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Burning Man Conquers 30 Years in Dusty Nevada Desert
The weeklong counterculture celebration draws tens of thousands of people to the scorching hot, dry lake bed in Nevada's Black Rock Desert.
The city is engulfed by dust Tuesday as approximately 70,000 people from all over the world gather for the 30th annual Burning Man arts and music festival in the Black Rock Desert.
Held in Nevada since 1990 and known for art displays, dust storms and communal living, this year's sold-out, 9-day festival in August and September is expected to draw tens of thousands of people to the lake bed about 100 miles north of Reno. Burning Man — named for the large effigy burned during the festival — estimates more than $30 million in revenues from the 2015 event.
The first Burning Man took place on a San Francisco beach in 1986.
Members of the Trash Kan Marchink Band perform at the arts and music festival on Monday.
Participants walk through an art installation at Burning Man on Tuesday.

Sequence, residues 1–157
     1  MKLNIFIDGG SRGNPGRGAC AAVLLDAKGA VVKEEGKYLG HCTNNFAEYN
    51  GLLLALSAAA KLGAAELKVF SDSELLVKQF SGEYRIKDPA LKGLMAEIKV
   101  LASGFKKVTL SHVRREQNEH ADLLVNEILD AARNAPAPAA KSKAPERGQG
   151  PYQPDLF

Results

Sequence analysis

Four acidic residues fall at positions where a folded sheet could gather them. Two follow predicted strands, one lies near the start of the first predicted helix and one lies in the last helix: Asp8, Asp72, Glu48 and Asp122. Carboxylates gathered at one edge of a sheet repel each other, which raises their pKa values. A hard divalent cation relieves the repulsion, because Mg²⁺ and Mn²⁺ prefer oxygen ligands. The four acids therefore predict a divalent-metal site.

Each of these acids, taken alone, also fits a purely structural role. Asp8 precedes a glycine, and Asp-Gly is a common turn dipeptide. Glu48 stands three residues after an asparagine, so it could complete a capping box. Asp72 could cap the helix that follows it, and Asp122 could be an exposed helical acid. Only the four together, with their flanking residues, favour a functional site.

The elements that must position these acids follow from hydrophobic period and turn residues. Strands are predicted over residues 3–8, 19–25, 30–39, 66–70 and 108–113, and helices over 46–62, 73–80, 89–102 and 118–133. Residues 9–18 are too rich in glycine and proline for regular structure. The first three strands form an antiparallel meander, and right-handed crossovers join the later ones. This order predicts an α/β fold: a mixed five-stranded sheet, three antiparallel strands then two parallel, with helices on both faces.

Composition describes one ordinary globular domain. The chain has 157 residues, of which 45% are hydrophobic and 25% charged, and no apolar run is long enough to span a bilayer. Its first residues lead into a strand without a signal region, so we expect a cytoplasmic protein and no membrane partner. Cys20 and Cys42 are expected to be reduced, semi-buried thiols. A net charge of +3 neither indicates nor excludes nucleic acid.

Divine Mustache and Katapult Sandra, using their Playa names, dance on stilts on Monday.
Participants watch Monday's sunset from the Tower of Ascension.
A couple dances during the festival on Wednesday.
A participant climbs the Tangential Dreams art installation on Wednesday.
People gather at the Temple Project at Burning Man on Tuesday.
Jody Friedman and Jeff Montgomery sit infront of the Playa TV on Tuesday.
Danicorn Hlavinka cries at the Temple Project on Tuesday.
People dance the morning away at Burning Man on the Black Rock Desert on Monday.
Benny van der Laarse dances on Tuesday at Burning Man.
Participants gather around The Space Whale art installation on Monday.
A participant rides a teeter-totter Tuesday at the festival.
Participants watch the flames on the Spire of Fire on Monday.